LEMtheoriginal Sun 12-Nov-17 12:09:57

As a vet nurse I have to agree with the poster who suggested pts. Yes it's drastic but in all honesty there are hundreds of "perfect"cats that can't find homes.

Your MIL cat is stressed and moving from pillar to post will stress her further. It's not a nice decision to have to make but ultimately you are having to consider this alongside everything else. If the cat is so unhappy in your home it attacks your d's then where is her quality of life?

In your shoes I would be phoning cinnamon trust. Maybe cats protection to find a home. I wouldn't consider cattery or rehoming centre for her as she probably be there for at least a very long time.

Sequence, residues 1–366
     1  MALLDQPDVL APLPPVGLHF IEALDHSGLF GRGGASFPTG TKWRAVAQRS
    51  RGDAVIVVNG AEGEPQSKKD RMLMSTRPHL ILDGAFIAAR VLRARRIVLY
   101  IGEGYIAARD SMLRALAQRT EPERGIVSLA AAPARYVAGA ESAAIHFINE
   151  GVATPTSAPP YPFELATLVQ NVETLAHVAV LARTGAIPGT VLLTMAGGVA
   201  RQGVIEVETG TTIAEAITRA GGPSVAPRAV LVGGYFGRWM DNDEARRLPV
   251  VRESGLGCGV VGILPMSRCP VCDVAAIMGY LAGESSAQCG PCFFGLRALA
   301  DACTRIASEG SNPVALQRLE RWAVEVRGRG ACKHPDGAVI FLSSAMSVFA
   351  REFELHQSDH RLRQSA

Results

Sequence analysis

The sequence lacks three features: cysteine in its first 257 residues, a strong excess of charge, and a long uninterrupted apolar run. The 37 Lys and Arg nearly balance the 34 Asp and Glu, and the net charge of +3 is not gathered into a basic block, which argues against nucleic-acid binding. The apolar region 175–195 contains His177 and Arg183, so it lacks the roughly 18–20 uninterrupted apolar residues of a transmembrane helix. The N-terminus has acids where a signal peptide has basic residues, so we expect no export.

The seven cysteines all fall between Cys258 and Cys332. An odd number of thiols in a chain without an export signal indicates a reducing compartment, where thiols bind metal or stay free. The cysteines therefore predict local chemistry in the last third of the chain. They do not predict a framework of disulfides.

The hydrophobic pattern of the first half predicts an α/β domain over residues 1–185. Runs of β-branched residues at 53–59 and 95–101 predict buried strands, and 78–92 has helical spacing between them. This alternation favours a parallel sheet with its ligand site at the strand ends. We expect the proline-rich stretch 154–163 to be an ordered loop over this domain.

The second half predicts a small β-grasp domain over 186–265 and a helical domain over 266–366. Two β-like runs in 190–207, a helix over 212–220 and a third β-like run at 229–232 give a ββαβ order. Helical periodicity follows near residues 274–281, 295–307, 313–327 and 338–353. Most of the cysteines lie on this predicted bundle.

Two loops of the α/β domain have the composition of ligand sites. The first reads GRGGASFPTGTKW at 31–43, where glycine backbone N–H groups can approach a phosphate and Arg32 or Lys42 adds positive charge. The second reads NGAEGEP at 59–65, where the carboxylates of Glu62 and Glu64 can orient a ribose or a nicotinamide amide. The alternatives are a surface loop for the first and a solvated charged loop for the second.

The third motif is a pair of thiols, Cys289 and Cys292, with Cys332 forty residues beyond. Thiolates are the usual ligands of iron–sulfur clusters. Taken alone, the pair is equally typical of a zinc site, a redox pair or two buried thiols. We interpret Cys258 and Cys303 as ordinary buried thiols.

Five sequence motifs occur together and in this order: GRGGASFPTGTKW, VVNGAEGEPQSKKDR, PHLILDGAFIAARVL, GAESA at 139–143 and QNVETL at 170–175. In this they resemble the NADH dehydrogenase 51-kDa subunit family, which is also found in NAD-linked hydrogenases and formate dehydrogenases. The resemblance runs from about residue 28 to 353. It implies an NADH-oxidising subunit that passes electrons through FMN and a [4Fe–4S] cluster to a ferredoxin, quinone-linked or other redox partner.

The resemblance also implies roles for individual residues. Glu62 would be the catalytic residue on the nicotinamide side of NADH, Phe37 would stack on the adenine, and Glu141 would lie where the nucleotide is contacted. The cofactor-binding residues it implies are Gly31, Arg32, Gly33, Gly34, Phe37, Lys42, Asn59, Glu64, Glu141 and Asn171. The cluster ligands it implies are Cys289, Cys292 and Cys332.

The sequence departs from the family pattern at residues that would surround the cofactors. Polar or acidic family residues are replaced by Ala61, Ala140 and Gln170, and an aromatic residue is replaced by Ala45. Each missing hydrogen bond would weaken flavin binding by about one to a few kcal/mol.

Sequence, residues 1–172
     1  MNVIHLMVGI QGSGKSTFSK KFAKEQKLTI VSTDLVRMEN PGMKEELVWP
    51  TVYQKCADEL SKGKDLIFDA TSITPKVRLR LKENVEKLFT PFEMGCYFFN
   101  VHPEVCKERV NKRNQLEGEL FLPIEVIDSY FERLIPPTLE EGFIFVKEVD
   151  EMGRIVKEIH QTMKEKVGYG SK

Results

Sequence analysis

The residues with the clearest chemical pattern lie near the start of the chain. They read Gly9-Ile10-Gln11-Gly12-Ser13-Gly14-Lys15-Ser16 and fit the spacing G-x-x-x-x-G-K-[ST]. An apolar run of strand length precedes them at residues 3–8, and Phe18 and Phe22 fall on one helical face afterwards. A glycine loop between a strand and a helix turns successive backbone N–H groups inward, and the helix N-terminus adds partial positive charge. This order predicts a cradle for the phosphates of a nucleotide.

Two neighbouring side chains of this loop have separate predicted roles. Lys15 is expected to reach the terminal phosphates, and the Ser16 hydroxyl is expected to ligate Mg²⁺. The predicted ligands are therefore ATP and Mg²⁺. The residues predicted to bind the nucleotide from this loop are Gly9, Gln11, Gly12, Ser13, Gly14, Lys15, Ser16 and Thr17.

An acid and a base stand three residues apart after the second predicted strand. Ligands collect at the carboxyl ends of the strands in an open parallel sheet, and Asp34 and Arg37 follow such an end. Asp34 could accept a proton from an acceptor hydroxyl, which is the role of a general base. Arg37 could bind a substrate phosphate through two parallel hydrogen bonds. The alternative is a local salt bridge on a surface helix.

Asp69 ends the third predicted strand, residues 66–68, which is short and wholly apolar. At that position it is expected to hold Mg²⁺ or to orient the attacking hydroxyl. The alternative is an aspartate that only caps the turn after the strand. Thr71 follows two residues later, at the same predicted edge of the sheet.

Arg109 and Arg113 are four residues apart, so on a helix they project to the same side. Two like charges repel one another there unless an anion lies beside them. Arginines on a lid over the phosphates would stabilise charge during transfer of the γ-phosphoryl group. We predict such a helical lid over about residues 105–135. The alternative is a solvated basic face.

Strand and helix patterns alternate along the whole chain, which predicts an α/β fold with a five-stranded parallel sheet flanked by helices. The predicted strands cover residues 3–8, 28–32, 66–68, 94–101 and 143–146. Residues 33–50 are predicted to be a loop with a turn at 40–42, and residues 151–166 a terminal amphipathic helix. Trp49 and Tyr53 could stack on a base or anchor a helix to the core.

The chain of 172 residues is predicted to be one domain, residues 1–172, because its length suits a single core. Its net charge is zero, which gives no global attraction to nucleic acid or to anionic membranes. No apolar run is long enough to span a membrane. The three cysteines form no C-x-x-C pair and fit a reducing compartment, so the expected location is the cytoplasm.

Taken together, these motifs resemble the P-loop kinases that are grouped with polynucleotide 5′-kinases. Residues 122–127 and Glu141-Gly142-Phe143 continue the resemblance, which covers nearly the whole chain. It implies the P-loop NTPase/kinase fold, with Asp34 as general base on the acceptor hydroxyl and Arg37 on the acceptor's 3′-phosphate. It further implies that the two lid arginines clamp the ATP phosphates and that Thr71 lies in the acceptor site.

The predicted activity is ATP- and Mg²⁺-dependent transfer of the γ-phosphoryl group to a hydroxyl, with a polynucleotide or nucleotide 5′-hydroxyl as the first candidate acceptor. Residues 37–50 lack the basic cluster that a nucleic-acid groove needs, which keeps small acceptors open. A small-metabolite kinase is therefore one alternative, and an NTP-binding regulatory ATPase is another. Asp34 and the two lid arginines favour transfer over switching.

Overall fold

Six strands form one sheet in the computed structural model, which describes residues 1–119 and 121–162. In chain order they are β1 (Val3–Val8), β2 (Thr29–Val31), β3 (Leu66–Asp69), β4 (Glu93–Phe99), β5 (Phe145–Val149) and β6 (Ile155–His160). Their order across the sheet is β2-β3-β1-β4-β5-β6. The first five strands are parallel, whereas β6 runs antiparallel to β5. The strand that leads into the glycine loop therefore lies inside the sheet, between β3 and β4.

I certainly wouldn't be judging you if you came to me and asked about pts. In real life hard decisions often have to be made for the right reasons.


thecatneuterer Sun 12-Nov-17 12:26:55

Another thing worth considering is shelters outside your area. Shelters in affluent areas aren't as stretched as the rest (assuming you're not in an uber posh area at the moment). Identify your nearest few affluent areas and contact any shelters around there. It may be a long journey to get the cat to them but it would only be the once.

Shiftymake Sun 12-Nov-17 12:40:19